The largest city in the world is pink. The 2015 cherry blossom bloom is underway in Tokyo, and the city's streets and alleyways are undergoing a transformation unlike any other. Locals and visitors stop in their tracks to admire the gorgeous sakura trees that have sprung into life after a long winter's rest.
Hanami for you and me | 花見しましょう！
There’s a special word for soaking up the sakura-saturated scenery: 花見 (hanami) directly translates to “flower see," but it really means cherry blossom viewing. As full bloom reaches each region of Japan, it seems like everyone takes part. Grab a friend or loved one, pack a lunch (or just a few beers) and head to the park. You won’t be alone.
In Tokyo, whose metropolitan area is home to over 36 million people, you most definitely won’t be alone.
Cherry blossoms in Tokyo: Sakura outside Shibuya Station
Arriving in Tokyo as the bloom was underway, I was in awe as the streets of my favourite neighbourhoods took on entirely new moods. As the trees reach their florid peaks, they begin to shed their leaves in a delicate rain.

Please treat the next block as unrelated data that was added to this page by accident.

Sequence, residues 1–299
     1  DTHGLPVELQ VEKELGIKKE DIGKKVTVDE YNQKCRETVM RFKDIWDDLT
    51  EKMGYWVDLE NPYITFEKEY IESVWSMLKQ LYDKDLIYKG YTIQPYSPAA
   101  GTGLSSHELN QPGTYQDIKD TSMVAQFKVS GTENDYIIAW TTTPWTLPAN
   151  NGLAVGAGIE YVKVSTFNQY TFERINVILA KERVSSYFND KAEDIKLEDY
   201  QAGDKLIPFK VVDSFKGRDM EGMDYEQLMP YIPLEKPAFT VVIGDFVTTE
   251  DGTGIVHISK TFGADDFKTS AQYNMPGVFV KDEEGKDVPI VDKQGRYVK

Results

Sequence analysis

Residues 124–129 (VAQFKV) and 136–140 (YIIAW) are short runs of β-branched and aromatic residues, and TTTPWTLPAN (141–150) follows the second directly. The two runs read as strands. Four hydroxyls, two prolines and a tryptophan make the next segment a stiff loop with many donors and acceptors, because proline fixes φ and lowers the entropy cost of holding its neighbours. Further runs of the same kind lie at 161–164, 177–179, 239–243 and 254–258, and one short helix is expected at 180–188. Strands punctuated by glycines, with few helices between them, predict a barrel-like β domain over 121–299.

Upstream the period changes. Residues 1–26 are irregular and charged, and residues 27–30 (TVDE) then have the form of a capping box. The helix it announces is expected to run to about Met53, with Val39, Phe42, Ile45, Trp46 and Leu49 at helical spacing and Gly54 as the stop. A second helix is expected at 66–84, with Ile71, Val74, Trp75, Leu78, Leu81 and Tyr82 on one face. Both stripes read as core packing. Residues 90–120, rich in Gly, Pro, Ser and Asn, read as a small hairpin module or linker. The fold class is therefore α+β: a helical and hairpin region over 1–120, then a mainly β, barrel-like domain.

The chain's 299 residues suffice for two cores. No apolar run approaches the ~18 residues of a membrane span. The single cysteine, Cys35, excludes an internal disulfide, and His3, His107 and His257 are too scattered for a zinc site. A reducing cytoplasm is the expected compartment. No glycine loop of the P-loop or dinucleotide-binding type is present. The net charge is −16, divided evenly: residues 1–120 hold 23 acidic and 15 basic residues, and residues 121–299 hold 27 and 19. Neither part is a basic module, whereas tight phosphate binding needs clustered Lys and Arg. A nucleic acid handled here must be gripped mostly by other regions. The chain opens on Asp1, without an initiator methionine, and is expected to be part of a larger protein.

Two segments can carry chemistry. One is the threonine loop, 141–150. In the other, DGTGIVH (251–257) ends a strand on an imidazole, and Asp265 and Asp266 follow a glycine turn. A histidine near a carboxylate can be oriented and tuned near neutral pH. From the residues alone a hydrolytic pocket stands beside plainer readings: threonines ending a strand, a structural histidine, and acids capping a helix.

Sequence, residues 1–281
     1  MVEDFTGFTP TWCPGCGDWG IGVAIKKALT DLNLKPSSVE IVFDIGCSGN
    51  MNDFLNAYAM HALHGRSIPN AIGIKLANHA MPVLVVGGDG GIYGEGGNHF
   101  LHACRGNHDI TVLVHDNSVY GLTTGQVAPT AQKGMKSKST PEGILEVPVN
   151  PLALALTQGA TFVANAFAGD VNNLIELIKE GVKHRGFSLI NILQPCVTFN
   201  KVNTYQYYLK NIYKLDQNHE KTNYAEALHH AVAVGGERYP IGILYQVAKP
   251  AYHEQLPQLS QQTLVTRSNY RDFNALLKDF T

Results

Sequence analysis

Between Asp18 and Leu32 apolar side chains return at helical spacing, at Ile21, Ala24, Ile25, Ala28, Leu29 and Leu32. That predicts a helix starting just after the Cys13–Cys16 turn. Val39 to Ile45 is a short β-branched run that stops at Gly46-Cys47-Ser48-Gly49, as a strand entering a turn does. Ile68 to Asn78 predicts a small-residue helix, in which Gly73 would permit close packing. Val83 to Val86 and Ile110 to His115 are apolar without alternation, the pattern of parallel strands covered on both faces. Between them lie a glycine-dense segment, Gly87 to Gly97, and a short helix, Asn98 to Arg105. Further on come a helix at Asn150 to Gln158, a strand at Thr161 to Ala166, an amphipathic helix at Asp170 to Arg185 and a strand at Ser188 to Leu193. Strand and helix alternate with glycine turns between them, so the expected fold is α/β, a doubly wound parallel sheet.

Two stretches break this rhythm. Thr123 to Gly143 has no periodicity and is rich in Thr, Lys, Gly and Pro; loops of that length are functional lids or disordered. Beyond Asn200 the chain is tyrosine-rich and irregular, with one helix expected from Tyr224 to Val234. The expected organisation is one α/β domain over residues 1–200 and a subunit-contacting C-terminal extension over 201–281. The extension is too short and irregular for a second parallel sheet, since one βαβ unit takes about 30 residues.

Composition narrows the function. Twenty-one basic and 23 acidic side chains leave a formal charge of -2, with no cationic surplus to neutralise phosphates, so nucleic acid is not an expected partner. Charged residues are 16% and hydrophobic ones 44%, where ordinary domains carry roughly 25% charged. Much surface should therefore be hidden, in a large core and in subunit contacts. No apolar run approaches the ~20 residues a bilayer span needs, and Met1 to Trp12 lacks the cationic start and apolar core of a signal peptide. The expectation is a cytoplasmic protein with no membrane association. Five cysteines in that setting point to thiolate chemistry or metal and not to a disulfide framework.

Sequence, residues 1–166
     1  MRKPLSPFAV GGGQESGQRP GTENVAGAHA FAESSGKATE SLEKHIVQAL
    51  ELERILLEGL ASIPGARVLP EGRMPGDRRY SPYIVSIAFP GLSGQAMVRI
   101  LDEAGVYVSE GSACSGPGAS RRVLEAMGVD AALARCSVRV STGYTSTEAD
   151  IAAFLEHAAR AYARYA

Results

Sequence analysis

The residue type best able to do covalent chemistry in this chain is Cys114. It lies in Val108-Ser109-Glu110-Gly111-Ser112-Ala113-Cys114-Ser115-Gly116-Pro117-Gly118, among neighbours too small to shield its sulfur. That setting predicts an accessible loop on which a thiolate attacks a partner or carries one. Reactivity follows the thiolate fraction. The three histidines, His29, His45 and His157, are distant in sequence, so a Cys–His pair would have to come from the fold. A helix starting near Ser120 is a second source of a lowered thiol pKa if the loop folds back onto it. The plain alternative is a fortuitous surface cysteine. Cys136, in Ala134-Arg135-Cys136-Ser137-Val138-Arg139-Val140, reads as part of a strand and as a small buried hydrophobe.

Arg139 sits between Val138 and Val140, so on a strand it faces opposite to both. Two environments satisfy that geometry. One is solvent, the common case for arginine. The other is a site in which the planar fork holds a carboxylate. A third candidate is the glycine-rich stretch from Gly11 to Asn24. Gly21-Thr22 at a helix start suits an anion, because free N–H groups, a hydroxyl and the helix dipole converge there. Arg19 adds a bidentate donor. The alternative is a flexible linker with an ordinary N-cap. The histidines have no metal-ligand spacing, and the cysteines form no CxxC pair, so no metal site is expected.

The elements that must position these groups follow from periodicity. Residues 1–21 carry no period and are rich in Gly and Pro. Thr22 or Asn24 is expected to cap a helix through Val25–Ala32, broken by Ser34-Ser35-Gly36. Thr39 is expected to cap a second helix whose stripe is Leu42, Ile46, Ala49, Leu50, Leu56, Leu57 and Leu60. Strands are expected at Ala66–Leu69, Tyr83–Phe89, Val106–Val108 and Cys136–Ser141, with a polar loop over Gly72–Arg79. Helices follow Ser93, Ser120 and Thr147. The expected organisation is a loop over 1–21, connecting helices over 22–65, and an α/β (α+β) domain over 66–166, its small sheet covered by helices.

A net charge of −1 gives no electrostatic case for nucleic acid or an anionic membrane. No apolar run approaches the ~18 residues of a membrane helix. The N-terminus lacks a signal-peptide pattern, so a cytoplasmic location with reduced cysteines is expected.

Cherry blossom viewing at night in Nakameguro | 中目黒で夜の花見
From the hectic plazas of Shibuya to the tiny alleyways of Kita-Senju, the sakura cast their spells. Stop. Stare. Take a photo. Probably take a selfie.
Adachi-ku alleyway: Hidden sakura in Tokyo
Shinjuku Gyoen and Ueno Park get rammed with flower-lovers, and avoiding crowds in Tokyo's more central public spaces is a fool's errand.
上野にて、ラ・フォル・ジュルネのためのリハーサルをしました。名曲揃い。これからまだまだ温めます。そして上野公園は満開の桜！圧倒されます！！！ pic.twitter.com/G9C6VoOu1w— 小林沙羅 sarakobayashi (@sara_kobayashi) March 31, 2015
Why not try something different, though, and enjoy nighttime hanami? Turns out that brilliant idea is shared by hundreds of thousands of people, who cram Nakameguro Station and spill out along the Meguro River. Stalls line the roadways, selling food and overpriced sparking wine with strawberries (the equivalent of eight bucks is a deal by Vancouver standards, but still).
Taxi drivers show off an uncanny mixture of patience and foolhardiness as they inch through the streets.
You'd think you'd hear more horns blaring, but no. Smiles. Chatting. Polite and orderly crowds. Selfie-sticks.
So many selfie-sticks.
It's worth braving the crowds to experience Tokyo's sakura by night. The sakura along the river seem to change color as you watch, reflecting the different types of light from streetlamps, hanging lanterns, and flash strobes.
Before long, you perfect the technique of stopping to stare at a particularly gorgeous cherry blossom tree without causing a pedestrian traffic jam.
Cherry blossoms line Meguro River
Of course, by day the Meguro River isn't too bad, either.